“Despite media horror stories, many species have benefitted from recent climate change. Those species that are struggling have invariably been affected by issues other than climate change and require very different remedies. Controlling our carbon footprints will never address the most pressing issues of habitat loss and watershed degradation.”
– Book Description, Amazon
Book Review: Landscape and Cycles: An Environmentalist’s Journey to Climate Skepticism by Jim Steele, 2013.
In 1615 astronomer Galileo Gallei wrote a famous letter called the Letter to the Grand Duchess Christina in the Duchy of Tuscany, Italy, giving his heliocentric position that the sun – not the earth — was the center of the earth’s solar system. By 1632, Galileo had expanded his letter into his scientific manifesto titled Dialogue on the Two Chief World Systems, for which he ended up being brought to trial by a faction of Dominican priests before Catholic Pope Urban as a religious heretic.
Jim Steele, a biologist at San Francisco State University in California, has perhaps written no less than the modern day equivalent to Galileo’s letter and his Dialogues in his book Landscapes and Cycles: An Environmentalist’s Journey to Climate Skepticism.”
A New, Credible Voice
Just as Galileo’s book was monumental because he was a pious Roman Catholic who once considered the priesthood, Steele’s book is important because of who he is.
Steele enlisted in the military at age 17 and was honorably discharged. He was a computer programmer for a major Sacramento newspaper for 10 years. Steele’s environmental pedigrees are too long to list.
Steele dropped out of the mechanical engineering program at the University of Massachusetts in 1968 out of concern that his career would involve Vietnam War time industrial production. He embraced several social justice issues and toured many national parks around the U.S. Later, he completed a master’s degree in biology from San Francisco State University, where he went on to direct their field biology program.
He is a genuine environmentalist who has worked for various government agencies as a consultant and is a supporter of the Feather River and Sierra County Land Trusts. He is now a professor emeritus and is thus untethered from dependence on government grants or patronage.
In the preface to the book Steele’s mentor, Dr. James Kelley, former President of the California Academy of Sciences, explains that Steele is a field biologist who has studied the biosphere first hand his entire career rather than working in the secular monastery of a laboratory or on computer models.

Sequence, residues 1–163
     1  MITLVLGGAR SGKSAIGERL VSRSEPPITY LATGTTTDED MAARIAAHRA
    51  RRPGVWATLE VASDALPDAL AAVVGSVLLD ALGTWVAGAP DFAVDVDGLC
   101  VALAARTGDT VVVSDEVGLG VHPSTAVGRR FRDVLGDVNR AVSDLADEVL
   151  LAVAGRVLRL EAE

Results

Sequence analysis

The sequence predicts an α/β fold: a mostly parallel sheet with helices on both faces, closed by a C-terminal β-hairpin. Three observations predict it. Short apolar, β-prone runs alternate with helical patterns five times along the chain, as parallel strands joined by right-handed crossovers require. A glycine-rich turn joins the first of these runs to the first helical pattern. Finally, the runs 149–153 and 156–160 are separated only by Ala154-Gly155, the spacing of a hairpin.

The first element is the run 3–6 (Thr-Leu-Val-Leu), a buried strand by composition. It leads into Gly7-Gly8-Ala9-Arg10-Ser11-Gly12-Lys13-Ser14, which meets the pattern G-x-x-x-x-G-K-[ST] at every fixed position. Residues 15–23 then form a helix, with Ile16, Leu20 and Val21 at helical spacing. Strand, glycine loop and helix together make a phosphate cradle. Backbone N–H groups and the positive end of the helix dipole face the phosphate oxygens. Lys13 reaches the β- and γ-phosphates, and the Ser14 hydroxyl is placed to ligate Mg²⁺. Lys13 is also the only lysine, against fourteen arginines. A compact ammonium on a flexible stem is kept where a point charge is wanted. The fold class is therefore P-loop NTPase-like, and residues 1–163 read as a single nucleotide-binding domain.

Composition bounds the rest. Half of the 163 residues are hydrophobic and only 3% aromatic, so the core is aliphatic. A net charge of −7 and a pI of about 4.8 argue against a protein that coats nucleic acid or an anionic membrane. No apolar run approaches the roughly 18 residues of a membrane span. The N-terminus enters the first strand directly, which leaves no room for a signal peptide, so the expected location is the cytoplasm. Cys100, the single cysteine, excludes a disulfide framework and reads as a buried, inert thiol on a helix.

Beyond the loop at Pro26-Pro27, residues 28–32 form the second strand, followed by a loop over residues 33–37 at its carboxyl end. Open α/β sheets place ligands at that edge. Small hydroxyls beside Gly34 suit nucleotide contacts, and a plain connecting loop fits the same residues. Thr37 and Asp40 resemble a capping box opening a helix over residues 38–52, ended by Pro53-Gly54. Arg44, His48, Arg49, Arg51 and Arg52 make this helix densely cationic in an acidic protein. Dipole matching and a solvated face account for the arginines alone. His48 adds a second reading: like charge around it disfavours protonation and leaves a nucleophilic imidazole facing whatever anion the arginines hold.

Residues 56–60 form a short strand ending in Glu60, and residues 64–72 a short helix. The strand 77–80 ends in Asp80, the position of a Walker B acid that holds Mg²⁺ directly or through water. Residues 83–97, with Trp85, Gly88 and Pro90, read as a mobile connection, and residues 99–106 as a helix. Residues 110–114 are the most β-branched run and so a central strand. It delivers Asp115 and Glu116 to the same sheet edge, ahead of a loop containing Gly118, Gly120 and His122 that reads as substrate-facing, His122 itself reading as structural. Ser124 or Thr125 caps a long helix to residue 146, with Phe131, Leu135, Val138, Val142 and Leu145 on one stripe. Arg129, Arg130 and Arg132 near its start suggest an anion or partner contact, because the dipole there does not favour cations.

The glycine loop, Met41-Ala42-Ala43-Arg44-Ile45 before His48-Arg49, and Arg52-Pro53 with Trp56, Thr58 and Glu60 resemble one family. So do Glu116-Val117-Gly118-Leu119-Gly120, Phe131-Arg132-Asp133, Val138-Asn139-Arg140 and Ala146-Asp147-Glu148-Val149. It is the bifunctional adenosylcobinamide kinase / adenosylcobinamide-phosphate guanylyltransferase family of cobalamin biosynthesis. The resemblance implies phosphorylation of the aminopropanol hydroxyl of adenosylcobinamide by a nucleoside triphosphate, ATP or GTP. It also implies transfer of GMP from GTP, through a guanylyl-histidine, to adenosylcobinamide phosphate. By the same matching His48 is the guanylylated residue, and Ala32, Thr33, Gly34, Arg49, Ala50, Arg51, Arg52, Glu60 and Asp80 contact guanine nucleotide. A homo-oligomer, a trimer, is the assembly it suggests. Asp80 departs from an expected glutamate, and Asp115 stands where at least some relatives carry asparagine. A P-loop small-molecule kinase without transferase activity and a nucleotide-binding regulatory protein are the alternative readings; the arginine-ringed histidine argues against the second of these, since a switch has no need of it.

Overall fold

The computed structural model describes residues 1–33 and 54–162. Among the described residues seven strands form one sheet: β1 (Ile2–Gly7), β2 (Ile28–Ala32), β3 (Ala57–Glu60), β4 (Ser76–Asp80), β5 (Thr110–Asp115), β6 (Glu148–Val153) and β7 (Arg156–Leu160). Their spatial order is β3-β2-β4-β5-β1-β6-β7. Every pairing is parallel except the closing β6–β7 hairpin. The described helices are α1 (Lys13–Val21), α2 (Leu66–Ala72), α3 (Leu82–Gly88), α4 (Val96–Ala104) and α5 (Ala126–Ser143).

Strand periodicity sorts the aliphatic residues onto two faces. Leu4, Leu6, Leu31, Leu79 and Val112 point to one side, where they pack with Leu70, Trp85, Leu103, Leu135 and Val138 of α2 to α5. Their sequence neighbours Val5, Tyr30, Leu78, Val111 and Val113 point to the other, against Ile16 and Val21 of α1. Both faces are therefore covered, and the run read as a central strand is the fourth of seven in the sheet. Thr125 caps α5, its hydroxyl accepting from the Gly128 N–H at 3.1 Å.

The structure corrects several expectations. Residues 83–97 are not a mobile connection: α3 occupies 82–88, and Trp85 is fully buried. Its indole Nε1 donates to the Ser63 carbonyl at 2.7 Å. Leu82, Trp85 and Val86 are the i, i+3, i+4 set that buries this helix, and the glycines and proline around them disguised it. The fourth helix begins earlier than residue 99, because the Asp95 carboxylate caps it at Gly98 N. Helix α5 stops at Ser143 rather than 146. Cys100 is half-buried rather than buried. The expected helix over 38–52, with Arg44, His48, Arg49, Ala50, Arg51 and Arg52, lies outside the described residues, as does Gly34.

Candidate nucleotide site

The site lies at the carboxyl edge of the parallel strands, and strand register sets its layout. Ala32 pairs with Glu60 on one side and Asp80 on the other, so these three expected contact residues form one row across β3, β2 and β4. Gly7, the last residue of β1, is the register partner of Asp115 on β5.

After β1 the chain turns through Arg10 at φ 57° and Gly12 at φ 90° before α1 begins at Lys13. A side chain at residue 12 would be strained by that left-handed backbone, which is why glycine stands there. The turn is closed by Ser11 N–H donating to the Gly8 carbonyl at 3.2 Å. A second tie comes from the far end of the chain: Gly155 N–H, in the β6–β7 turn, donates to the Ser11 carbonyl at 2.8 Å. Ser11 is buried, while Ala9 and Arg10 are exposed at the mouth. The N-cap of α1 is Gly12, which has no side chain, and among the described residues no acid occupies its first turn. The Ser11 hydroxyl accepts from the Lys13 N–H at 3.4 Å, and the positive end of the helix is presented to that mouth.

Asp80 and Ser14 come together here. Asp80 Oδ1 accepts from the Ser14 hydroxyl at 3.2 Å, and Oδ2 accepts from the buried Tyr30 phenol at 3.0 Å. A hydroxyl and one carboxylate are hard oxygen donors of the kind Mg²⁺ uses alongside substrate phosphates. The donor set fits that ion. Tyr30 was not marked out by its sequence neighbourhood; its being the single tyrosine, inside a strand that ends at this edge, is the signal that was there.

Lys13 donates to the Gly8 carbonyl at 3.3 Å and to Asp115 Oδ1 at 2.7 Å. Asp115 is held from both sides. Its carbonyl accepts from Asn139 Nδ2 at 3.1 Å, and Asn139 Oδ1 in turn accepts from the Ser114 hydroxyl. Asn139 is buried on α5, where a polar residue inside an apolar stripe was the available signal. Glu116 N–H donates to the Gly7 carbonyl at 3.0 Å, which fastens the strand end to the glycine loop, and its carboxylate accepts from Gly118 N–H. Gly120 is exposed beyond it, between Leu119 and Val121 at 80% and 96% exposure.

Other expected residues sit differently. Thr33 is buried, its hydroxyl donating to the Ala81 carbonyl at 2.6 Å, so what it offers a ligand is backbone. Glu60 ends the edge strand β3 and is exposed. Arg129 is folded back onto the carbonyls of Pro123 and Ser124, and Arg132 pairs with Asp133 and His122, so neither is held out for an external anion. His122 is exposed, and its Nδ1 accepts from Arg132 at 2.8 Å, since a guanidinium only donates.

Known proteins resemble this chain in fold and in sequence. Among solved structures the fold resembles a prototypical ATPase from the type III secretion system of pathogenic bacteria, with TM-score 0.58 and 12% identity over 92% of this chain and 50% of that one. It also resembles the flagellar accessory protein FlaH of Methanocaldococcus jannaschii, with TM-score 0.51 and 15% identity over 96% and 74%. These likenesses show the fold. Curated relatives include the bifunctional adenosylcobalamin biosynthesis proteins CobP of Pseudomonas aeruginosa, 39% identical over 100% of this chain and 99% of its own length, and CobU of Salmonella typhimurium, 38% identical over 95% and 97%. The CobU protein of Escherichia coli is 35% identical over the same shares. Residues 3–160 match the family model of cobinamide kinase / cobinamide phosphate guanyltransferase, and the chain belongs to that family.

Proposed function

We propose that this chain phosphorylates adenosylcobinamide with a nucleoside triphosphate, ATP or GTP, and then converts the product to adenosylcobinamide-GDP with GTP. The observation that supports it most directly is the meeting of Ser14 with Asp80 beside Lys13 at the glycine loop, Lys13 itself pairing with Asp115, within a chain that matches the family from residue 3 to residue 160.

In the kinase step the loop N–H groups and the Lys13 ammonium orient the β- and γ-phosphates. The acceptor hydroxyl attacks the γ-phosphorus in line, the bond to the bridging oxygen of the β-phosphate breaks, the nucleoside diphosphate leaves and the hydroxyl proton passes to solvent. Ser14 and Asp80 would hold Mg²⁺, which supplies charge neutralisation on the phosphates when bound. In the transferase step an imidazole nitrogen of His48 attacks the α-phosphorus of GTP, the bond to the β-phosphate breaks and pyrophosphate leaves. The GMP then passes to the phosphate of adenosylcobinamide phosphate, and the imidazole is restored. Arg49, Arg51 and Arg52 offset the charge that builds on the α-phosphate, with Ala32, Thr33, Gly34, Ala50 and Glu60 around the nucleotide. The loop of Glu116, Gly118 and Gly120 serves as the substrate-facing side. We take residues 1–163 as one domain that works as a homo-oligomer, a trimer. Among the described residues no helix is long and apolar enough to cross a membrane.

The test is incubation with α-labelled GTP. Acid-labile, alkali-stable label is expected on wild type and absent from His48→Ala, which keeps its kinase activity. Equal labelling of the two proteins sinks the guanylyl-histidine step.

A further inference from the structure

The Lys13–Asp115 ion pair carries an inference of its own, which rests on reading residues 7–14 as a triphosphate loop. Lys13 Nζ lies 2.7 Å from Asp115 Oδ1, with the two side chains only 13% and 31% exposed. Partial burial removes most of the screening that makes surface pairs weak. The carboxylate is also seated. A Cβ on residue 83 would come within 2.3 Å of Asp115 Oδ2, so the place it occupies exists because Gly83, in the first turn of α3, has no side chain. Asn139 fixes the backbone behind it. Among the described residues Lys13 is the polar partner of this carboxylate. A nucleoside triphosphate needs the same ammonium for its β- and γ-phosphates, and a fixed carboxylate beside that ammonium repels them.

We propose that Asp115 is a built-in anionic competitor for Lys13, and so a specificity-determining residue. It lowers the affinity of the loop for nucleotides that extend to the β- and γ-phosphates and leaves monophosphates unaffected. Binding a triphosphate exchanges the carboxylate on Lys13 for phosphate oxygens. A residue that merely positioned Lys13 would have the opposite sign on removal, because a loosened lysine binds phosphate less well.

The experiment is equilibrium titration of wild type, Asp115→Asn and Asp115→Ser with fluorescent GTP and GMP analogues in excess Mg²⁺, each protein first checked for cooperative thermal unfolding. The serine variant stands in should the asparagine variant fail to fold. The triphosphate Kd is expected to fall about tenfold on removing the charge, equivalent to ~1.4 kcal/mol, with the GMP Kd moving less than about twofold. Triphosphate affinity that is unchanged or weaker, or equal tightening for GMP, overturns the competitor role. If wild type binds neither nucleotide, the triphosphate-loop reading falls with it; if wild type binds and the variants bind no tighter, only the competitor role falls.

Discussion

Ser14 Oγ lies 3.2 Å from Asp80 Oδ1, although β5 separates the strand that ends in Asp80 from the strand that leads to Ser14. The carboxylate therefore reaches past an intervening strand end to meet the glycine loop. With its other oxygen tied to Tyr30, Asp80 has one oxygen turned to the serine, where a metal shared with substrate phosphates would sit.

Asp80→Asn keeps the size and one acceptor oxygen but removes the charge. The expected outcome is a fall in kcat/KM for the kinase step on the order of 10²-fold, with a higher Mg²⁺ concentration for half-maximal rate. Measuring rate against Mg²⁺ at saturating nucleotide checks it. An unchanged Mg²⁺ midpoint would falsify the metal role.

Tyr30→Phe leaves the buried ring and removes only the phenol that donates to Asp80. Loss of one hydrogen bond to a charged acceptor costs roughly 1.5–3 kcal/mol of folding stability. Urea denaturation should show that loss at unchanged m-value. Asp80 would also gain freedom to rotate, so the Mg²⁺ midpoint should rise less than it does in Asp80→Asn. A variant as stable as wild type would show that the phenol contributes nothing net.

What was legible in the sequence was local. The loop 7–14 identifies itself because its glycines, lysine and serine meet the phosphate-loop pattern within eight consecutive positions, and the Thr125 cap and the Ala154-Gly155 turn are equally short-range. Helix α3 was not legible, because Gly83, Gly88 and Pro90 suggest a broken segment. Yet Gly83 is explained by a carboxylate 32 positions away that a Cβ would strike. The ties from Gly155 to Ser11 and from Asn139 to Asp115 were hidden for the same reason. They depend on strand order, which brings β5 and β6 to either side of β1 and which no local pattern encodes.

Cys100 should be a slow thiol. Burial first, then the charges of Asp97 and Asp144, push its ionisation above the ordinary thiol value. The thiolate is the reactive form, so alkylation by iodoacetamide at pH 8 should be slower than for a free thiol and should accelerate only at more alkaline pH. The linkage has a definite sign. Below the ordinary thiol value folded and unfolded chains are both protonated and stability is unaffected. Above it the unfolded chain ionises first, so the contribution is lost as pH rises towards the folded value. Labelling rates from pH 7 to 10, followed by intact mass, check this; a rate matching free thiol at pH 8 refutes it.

Taking Ad Hominem Arrows
Steele relates how he has experienced accusations from his colleagues that he is a global warming “denier” who is collaborating with “Big Oil” due to his observations that local landscape changes, not global climate change, has had a greater impact on California’s wildlife.
Steele explains that Galileo offered his antagonists the opportunity to look through a telescope and see the motions of the planets around the sun for themselves but they refused.
Like Galileo, Steele has encouraged his antagonists to look at the historical temperature data but they have refused. He writes that the opposition to Galileo wasn’t religious but was due to entrenched Dominican scientists that refused to look through Galileo’s telescope because their scientific fiefdom was threatened.
Steele says that looking through the lens of science at global warming that average temperatures are useless. He found that maximum temperatures have declined and minimum temperatures have risen over the last 100 years near Lake Tahoe in California. His conclusion: the world isn’t getting hotter, just less cold!
The chapters of his book are one debunking after another of the conventional science about global warming.
In Chapter One of his book, Steele takes on NASA’s climate change guru James Hansen: “In contrast to predictions of accelerating heat stress by ‘CO2 advocates’ like Dr. Hansen, the past 60 years of climate change in California should have benefited wildlife…Top down global climate change models have repeatedly failed to explain regional climate change.”